Fidelis Munyoro Chief Court Reporter—
OUTGOING Chief Justice Godfrey Chidyau-siku has conceded that the current procedure of appointing the Chief Justice of the country is problematic. Chief Justice Chidyausiku indicated that he alerted the Executive on the impact of the new procedure outlined in the new Constitution early last year, but Government had been negligent.
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He made the remarks while officially opening the 2017 legal year in Harare yesterday.
“My sixth sense, however, told me that the impact of the new procedure, because of its drastic departure from the past process, might have escaped the attention of the Executive in as far as it relates to the appointment of the Chief Justice,” he said.
“As a cautionary move, I alerted the Executive to this new procedure in the appointment of the Chief Justice as early as March 2016. I did not get a response. I inferred from the conduct that the Executive was comfortable with the new procedure.”
Previously, the Chief Justice and other judges of the Supreme Court and High Court were appointed by the President in consultation with the Judicial Service Commission (JSC). This was changed in the new Constitution.
Section 180 (1) of the new Constitution requires the Chief Justice, Deputy Chief Justice, the Judge president of the High Court and all other judges to be appointed by the President after the vacancies are advertised, nominations are invited from the President and the public, public interviews are conducted before a list of three nominees is presented to the President whereupon he must appoint one of the trio as the Chief Justice.
Recently, Chief Justice Chidyausiku found himself in controversy for conducting public interviews to choose his successor in the face of the pending constitutional amendment.
The High Court stopped the public interviews to select the next Chief Justice, a few days before the scheduled date. The court granted the interdict that was sought by Romeo Taombera Zibani, a fourth year law student at the University of Zimbabwe who wants President Mugabe to select the Chief Justice.
But the interviews went ahead after the JSC filed a notice of appeal against Justice Charles Hungwe’s decision to stop the interviews.
But yesterday, Chief Justice Chidyausiku said he did the best he could to alert the Executive on the challenges around the new method of appointing judges including the Chief Justice and his deputy by way of public interviews.
After getting no response from the Executive in October last year, the JSC informed the Executive that the office of Chief Justice will be vacant with effect from March 1 this year.
The Executive, he added, was also informed that the JSC was initiating the procedures to fill the vacancy in accordance with the provisions of the Constitution.
The outgoing Chief Justice said he was surprised to receive communication a few days before the interviews were due to commence that an Executive order stopping the process had been issued.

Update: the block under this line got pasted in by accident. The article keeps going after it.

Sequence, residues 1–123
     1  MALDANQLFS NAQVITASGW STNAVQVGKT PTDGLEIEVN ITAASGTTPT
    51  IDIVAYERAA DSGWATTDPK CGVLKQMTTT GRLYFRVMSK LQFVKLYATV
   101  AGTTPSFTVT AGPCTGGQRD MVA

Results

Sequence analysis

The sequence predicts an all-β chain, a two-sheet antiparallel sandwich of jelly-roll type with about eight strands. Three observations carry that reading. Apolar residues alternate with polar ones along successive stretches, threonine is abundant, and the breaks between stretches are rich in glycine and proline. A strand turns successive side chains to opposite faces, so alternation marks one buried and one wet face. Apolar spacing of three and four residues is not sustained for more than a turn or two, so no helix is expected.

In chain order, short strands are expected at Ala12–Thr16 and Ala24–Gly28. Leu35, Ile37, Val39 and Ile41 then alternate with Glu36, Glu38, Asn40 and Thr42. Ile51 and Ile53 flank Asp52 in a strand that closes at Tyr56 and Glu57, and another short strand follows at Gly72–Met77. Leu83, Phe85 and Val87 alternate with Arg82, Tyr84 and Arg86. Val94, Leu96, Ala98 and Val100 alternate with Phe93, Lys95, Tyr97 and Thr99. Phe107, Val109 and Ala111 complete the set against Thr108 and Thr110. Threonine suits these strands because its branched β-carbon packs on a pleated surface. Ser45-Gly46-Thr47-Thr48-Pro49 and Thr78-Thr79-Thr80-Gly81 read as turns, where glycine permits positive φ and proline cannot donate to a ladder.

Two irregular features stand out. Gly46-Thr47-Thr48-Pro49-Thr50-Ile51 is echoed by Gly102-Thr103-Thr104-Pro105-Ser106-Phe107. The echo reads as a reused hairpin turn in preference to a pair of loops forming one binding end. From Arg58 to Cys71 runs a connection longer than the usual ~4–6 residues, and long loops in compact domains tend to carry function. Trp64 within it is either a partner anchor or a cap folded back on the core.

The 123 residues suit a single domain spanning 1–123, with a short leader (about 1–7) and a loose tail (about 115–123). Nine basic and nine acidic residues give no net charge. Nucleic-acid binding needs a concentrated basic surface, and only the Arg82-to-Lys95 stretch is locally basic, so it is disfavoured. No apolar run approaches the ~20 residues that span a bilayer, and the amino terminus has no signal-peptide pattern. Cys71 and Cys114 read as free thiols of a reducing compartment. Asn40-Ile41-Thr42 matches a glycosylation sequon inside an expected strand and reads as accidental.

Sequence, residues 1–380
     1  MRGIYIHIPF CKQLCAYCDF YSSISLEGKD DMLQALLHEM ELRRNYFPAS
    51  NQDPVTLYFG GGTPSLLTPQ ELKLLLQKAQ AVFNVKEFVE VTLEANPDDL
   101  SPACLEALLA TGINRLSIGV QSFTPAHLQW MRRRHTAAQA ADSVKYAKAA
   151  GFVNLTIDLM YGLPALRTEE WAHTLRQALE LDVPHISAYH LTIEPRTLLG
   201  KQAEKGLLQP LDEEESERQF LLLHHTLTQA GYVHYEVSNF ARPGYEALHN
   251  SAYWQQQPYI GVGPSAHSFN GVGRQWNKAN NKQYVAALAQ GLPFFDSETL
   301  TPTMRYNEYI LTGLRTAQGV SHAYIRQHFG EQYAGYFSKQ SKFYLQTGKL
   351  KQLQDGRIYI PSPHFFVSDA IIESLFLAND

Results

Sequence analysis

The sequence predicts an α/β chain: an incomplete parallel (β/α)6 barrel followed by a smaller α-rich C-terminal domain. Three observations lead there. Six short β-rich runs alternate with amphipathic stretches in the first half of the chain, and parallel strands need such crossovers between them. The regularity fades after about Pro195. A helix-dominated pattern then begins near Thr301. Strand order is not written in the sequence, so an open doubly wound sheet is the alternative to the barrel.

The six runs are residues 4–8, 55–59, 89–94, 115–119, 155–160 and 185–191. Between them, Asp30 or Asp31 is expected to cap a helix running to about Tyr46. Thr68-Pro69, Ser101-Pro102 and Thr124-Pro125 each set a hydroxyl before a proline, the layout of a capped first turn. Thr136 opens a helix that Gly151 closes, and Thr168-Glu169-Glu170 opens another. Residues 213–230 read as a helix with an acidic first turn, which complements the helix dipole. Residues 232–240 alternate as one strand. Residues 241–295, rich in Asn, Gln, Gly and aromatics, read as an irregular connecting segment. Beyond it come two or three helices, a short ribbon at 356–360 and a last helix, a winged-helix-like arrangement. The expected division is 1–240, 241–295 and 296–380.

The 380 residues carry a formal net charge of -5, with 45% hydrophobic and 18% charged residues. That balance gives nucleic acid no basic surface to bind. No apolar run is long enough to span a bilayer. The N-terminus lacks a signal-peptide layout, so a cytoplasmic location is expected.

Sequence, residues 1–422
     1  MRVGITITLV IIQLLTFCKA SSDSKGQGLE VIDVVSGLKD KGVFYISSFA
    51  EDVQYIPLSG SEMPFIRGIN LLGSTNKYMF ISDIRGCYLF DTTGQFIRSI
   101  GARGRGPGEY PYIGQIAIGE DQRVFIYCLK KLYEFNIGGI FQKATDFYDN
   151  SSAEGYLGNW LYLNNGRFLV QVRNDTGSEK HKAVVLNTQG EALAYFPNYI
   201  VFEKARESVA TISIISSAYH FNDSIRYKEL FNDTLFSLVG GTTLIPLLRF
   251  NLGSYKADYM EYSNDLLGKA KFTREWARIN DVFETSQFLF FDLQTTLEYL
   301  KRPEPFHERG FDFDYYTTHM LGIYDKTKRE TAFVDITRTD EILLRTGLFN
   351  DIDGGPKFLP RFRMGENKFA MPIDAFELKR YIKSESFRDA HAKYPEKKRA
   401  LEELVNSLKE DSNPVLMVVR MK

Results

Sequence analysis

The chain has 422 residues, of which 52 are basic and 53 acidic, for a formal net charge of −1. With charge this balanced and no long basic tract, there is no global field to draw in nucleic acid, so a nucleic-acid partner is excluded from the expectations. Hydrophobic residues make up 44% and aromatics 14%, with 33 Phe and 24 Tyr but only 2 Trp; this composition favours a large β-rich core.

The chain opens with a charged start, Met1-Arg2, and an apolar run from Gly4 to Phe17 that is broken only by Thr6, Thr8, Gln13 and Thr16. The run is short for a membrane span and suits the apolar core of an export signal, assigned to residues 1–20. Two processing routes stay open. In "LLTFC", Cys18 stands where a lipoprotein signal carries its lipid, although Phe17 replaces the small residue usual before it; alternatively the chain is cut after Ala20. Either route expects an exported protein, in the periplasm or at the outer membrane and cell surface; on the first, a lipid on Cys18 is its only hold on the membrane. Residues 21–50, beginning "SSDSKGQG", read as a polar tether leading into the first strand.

“I responded to the communication, advising that the Executive’s directive could not be complied with without breaking the Constitution and that the interviews would proceed as planned and in terms of the Constitution,” he said.
“I have since established that the President never issued the alleged Executive order to stop the interviews.” Chief Justice Chidyausiku accused the media of attacking him for allegedly defying the court order and proceeding with the public interviews pending the amendment of the Constitution.
“Ever since adopting our stance to abide by the Constitution, a segment of the media has sought to impugn the integrity of the Judicial Service Commission. This is most regrettable,” he said.
“This is all I wish to say on this unfortunate debate. In this regard, I am inspired by Michelle Obama’s words of wisdom, ‘When your detractors go low, you go higher’. You do not follow them into the gutter.”
He would not comment on whether or not the JSC decision to proceed with the interviews despite a High Court interdict, against which it had appealed, was correct, was a matter that is sub-judice awaiting the determination of the court.
Chief Justice Chidyausiku said the debate over the appointment of his successor had of late assumed regrettable proportions which, could only do more harm than good to the judiciary.
He said whichever method used in the selection process of the new Chief Justice, President Mugabe has the final say and would always prevail. “It is also my view that the debate is much ado about nothing,” he said.
“It has obscured the one very important fact, that whatever method is used to appoint my successor, the appointment shall be made by His Excellency the President of the Republic of Zimbabwe
Currently, said Chief Justice Chidyausiku, the law provided for the President to make his selection from three nominees submitted to him by the JSC. He also said in the proposed amendment, President Mugabe would be at large to choose the next Chief Justice from the bench.
“Thus, whichever method is used, in the final analysis, it is the President’s choice that will prevail,” he said.
“We, as the judiciary, and the JSC accept that it is the prerogative of the Executive to decide what procedure is to be adopted for the appointment of a Chief Justice.
“However, as guardians of the Constitution and as people who have sworn to uphold the laws of Zimbabwe, we insist that whatever process the Executive comes up with and enacts into a law, that process must be upheld and must be respected at all times. This is what the rule of law demands of us.”
Chief Justice Chidyausiku said their stance as JSC was not about the identification of his successor, but about the observance of the Constitution as the supreme law of the land at all time.